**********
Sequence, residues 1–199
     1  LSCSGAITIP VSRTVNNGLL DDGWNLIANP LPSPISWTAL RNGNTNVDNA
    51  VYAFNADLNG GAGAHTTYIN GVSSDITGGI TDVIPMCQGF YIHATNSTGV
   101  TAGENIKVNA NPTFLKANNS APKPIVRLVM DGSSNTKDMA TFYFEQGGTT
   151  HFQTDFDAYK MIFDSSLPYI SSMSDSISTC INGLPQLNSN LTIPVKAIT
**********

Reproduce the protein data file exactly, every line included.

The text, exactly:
Sequence, residues 1–199
     1  LSCSGAITIP VSRTVNNGLL DDGWNLIANP LPSPISWTAL RNGNTNVDNA
    51  VYAFNADLNG GAGAHTTYIN GVSSDITGGI TDVIPMCQGF YIHATNSTGV
   101  TAGENIKVNA NPTFLKANNS APKPIVRLVM DGSSNTKDMA TFYFEQGGTT
   151  HFQTDFDAYK MIFDSSLPYI SSMSDSISTC INGLPQLNSN LTIPVKAIT